Company launched careers of Samuel L. Jackson and Patti LaBelle. But cash is running short.
One of Harlem’s most important incubators for cultivating black talent is trying to make sure its 45th season isn’t its last.
The National Black Theatre, which catapulted local actors such as Samuel L. Jackson and Michael K. Williams (“12 Years a Slave”) to Hollywood fame, is facing a real-life drama of its own, from financial struggles, dwindling grants, and constant costs from maintaining its aging building on Fifth Ave.
The current CEO, Sade Lythcott, the daughter of the theater’s late founder, Dr. Barbara Ann Teer, told the Daily News that keeping productions rolling is “such a challenge on a daily basis.”
“It’s the biggest problem of our lives, because we’re underfunded,” said Lythcott, 34.
This season, Lythcott and her aide Jonathan McCroy, 27, have launched several new initiatives, including a playwright residency, reading series, and showcases that feature local painters, sculptors and other visual artists. The idea is to cast a wider net that appeals to a broader cross section of Harlemites.
They’ve also launched an optional season pass to all shows for $95 that also includes access to a series of short plays inspired slain Florida teen Trayvon Martin that will run next spring. A VIP season pass costs $145 and allows more in-depth access to workshops and reading series.
The pass, of course, covers the current production of Keith Josef Adkins’ “The Last Saint on Sugar Hill,” an apropos look at a long-time Harlem resident forced to choose between selling out or keeping family and cultural history alive.
The “original and unpredictable” play, as the New York Times called it, runs through Nov. 24. It stars Danny Johnson as a devilish Harlem landlord who is willing to sell his neighborhood’s history for a quick buck.
Despite critical praise, there are some harsh financial realities for the National Black Theatre.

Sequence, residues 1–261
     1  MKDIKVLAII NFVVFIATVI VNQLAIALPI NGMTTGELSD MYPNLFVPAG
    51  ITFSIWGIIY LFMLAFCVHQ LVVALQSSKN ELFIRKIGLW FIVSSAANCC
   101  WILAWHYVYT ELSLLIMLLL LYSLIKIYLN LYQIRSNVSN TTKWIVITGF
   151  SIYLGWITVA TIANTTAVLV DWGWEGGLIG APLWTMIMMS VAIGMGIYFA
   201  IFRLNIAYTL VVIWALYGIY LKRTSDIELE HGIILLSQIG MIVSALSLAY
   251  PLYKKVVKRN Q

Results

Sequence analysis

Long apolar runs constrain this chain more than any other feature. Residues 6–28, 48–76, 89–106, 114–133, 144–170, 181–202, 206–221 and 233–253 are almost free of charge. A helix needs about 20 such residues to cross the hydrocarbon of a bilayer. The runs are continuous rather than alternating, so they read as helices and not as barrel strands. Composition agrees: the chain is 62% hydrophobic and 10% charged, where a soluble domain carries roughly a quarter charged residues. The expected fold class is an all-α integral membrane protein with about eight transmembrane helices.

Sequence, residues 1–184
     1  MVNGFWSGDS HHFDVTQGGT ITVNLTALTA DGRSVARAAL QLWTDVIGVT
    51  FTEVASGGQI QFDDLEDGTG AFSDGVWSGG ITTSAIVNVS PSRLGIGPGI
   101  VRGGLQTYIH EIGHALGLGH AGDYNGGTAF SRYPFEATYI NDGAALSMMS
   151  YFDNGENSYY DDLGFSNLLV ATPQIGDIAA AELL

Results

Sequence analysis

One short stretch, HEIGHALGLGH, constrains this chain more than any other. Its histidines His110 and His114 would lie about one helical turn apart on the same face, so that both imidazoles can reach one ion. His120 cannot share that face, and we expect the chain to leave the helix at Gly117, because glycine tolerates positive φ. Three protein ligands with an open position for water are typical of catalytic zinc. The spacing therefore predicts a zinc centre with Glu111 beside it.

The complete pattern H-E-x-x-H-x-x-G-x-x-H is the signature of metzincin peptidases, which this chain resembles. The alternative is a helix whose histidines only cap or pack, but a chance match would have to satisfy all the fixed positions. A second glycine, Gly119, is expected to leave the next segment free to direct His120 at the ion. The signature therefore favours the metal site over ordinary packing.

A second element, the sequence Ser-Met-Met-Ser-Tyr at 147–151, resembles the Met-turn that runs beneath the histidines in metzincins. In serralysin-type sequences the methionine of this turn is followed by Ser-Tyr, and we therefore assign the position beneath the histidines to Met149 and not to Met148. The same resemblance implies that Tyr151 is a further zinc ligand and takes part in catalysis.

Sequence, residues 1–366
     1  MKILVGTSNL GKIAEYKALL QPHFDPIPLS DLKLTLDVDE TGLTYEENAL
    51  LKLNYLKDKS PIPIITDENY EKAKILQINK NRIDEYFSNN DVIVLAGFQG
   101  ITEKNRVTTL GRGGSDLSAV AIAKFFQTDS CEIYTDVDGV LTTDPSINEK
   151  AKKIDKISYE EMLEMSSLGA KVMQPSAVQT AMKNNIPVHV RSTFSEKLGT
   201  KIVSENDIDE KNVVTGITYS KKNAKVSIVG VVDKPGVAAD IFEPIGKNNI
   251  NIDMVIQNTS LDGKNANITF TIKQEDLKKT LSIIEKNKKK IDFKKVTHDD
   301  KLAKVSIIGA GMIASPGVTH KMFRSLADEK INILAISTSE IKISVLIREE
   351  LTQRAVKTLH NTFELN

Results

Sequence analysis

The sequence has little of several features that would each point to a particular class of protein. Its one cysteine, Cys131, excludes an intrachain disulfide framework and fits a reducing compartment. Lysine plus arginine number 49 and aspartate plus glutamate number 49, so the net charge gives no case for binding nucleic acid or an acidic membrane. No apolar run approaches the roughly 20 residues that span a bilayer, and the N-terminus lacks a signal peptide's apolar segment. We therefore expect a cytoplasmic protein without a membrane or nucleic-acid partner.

The company’s most recent tax records show the theater brought in a little more than $404,500 in revenue in 2011 against $429,700 in expenses. Salaries were paid, but the cash reserve fund was nearly depleted.
Teer founded the theater in 1968 and purchased the property 16 years later, meaning the theater isn’t susceptible to the area’s wildly skyrocketing rents, what Lythcott calls her “saving grace.”
It’s also a big asset should Lythcott want to sell and move somewhere else.
For now, though, Lythcott and McCroy said they focused on the new initiatives and audience building.
“We see possibility,” Lythcott said. “We embrace anyone who is brave and bold enough to come in our doors.”
The National Black Theatre has been New York City’s longest-operating black theater company and the first revenue-generating black arts center in the city, drawing in some 90,000-audience members each year. Stars such as Alicia Keys, Nina Simone, Patti LaBelle, Donald Faison and Williams got their start there.
Jackson is arguably the most famous NBT alum. The Academy Award-nominated “Pulp Fiction” actor was bitten by the showbiz bug while building sets for the theater, the first step on his road to fame.
“This area was the birthplace of the Harlem Renaissance,” said Lythcott. “And we want to keep that legacy alive.”
“The Last Saint on Sugar Hill,” through Nov. 24 at the National Black Theatre, 2031 Fifth Ave. at 125th St. in Harlem, 212-722-3800.
By Beth Stebner / NEW YORK DAILY NEWS